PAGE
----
Wired Weird Science
A feral cat broke into a Russian airport and ate $1,000 worth of seafood, a black bear beat up a Santa Claus, and a tiger released into the wild by Vladimir Putin was caught on camera devouring a pet dog in China for two hours.
Treating patients with the deadly Ebola virus takes doctors, drugs, and a whole lot of chlorine.
The post Running an Ebola Clinic in Sierra Leone Is All About Containment—And Chlorine appeared first on WIRED.
Here are some of the maps we came across this year that captivated us with their brains, their beauty, and in many cases, both.
The post Our Favorite Maps of the Year Cover Everything From Bayous to Bullet Trains appeared first on WIRED.
The bizarre assassin spiders of Australia, South America, and Madagascar hunt other spiders. By deploying their jaws out 90 degrees from their necks, they can impale prey, inject venom, and let them dangle there to die, all without getting bitten themselves.
The post Absurd Creature of the Week: The World’s Goofiest-Looking Spider Is Actually a Brutal Ninja appeared first on WIRED.
New research from NASA shows that the Arctic Ocean has been steadily getting more energy from the sun over the past fifteen years.
The post Satellite Map Shows Evidence of a Dangerous Arctic Warming Feedback Loop appeared first on WIRED.
Saturn’s moon Titan is a wet world, the only other place in the solar system that we know has flowing liquid on its surface. The colorful geomorphic map (above left) combines radar and topographic data of Titan’s north pole to show different features around a large sea called Ligeia Mare.
The post Science Graphic of the Week: Scientists Map Seaside Terrain at Titan’s North Pole appeared first on WIRED.
Using a model of the tides and currents in the San Francisco Bay, a trio of Dutch programmers recreated the night that three prisoners escaped from Alcatraz.
The post Map Shows How Alcatraz Escapees Could Have Survived appeared first on WIRED.
While beetles alone make up one in four animal species on Earth, the group they belong to, the invertebrates (animals lacking backbones), comprise 96 percent of all species.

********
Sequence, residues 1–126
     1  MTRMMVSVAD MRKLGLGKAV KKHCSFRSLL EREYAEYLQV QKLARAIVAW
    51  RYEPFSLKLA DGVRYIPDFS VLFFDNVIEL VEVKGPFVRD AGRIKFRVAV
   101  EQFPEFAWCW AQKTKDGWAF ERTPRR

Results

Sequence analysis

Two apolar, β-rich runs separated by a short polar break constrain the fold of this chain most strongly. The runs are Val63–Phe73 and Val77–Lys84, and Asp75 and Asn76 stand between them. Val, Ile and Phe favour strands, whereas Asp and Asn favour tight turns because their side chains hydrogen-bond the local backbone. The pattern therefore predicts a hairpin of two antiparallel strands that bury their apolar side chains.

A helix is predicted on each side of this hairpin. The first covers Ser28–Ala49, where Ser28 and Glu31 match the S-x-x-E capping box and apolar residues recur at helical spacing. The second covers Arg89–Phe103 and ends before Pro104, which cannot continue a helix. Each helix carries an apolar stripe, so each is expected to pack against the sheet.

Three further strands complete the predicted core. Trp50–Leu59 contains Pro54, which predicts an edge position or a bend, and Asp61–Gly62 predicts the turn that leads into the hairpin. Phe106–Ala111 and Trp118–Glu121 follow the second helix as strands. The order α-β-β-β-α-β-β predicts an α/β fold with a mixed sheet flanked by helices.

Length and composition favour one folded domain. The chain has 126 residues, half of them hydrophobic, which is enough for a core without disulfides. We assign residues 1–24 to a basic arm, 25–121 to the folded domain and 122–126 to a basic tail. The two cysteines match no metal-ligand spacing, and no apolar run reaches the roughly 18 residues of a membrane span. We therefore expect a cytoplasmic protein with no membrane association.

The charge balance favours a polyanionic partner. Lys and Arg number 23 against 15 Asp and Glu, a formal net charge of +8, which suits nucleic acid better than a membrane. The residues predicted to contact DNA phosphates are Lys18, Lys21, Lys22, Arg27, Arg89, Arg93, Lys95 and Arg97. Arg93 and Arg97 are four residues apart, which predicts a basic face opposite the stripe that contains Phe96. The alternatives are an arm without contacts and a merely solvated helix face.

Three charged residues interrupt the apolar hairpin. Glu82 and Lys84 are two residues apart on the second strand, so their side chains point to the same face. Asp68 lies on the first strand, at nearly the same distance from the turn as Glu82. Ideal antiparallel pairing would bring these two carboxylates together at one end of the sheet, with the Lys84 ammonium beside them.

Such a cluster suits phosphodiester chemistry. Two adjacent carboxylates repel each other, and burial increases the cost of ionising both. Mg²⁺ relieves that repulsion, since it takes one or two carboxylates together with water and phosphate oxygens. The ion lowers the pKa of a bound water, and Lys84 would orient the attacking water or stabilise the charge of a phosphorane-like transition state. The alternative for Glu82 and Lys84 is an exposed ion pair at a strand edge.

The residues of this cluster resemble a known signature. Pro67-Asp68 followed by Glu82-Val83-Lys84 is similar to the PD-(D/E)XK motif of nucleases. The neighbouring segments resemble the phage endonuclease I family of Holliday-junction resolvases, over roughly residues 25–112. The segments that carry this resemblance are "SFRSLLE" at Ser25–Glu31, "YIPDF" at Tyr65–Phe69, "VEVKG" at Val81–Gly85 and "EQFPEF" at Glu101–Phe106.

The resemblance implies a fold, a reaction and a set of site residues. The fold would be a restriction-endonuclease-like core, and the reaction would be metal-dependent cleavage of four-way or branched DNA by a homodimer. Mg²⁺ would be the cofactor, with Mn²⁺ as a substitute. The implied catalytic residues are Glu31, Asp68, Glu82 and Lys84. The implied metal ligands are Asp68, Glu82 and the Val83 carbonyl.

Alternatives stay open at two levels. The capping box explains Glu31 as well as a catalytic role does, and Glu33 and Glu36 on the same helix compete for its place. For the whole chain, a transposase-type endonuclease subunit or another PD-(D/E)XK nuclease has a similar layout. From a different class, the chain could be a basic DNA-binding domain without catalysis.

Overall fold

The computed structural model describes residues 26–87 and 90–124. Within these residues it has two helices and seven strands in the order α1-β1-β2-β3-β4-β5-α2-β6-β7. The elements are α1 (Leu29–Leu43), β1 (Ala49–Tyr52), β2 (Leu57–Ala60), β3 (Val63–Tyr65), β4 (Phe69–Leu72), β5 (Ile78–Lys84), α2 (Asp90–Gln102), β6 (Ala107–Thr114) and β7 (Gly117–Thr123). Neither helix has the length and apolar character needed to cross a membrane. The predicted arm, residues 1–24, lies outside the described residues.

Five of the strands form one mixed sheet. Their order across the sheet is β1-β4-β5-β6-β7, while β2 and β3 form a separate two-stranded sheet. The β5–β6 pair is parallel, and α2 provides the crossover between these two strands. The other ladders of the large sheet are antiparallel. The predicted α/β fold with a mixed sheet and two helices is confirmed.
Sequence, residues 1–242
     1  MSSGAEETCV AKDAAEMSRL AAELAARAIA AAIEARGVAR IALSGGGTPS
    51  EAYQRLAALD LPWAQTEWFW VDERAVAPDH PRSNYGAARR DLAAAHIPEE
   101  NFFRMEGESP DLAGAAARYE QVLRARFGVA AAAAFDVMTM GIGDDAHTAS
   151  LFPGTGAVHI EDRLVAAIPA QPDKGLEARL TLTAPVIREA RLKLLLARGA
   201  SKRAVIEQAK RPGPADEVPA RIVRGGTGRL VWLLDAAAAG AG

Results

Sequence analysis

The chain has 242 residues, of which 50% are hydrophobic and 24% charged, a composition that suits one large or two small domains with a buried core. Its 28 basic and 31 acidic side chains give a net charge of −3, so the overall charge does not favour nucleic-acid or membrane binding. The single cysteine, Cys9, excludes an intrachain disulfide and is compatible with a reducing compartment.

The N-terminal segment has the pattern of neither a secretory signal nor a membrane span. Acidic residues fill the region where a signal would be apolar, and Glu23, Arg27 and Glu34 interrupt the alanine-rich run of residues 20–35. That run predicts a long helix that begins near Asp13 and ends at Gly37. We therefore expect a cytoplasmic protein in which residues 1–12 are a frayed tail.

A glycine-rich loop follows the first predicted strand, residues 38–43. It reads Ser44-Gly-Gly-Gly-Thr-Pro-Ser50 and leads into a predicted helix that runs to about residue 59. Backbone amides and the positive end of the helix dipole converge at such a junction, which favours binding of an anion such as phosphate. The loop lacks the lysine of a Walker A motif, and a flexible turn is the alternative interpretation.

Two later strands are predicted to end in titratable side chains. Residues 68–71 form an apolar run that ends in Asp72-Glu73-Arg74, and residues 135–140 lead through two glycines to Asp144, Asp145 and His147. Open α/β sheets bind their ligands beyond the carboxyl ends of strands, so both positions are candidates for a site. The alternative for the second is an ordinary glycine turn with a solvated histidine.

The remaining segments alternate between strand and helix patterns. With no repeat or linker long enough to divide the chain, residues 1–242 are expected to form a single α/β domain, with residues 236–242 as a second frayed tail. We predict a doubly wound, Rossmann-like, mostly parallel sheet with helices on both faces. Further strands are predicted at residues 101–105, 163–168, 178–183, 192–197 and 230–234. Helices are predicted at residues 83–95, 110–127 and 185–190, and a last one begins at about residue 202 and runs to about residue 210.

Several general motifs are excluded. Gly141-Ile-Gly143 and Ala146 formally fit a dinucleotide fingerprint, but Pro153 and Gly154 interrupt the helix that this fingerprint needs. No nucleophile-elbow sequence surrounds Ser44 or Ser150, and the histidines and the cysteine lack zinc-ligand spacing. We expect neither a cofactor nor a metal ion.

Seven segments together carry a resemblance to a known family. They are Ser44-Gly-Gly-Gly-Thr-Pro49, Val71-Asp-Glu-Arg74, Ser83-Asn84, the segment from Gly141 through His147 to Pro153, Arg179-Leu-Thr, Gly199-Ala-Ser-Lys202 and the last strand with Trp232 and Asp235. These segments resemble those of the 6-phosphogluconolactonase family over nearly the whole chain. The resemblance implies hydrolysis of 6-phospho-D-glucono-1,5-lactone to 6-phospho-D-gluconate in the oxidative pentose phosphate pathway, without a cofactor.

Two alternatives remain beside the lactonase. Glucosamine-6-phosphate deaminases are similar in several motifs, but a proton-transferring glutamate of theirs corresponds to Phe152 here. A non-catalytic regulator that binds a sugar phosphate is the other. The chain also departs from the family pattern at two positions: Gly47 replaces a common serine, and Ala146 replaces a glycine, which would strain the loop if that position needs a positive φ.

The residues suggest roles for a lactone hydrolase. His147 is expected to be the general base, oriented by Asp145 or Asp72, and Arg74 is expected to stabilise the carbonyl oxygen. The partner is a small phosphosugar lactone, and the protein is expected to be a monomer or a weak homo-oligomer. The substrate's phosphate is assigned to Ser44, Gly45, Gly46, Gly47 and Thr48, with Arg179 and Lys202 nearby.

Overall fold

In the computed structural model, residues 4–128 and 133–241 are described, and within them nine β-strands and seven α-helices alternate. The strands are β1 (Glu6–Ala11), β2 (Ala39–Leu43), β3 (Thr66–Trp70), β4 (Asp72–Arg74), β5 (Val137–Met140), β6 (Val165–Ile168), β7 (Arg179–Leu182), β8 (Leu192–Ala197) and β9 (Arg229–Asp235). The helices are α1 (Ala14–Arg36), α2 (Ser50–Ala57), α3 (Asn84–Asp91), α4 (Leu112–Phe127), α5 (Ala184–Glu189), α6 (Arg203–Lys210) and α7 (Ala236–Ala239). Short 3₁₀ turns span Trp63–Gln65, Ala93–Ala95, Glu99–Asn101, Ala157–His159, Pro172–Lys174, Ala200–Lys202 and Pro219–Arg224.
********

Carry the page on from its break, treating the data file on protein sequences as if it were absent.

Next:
The post The Weird and Wonderful Critters That Basically Rule Earth appeared first on WIRED.
The Rosetta mission to comet 67P/Churyumov-Gerasimenko has released more images of the comet, including the first picture snapped by the Philae lander after its first bounce. The team discussed the images today, here at the American Geophysical Union meeting.
The post New Photos Released From Rosetta Comet Landing Mission appeared first on WIRED.
Scientists waging war against Ebola are mining a cache of microscopic weapons hidden in Ebola survivors’ blood. Made by the immune system, the weapons are antibodies, small proteins that target and neutralize invading virus particles. Scientists aren’t sure about the molecular specifics yet, but antibodies made by Ebola survivors appear to fight the virus more […]
The post The Race to Create Ebola Treatments From Survivors’ Blood appeared first on WIRED.
Breathing is so universal and continuous that it can be easy to forget about—until we can’t do it anymore. Then it becomes symbolic of life itself. We take special note of words that are carried on final breaths, and sometimes we even cherish the physical substance of the breaths themselves.
The post The Surprising Ways Your Breath Connects You to the Entire Planet appeared first on WIRED.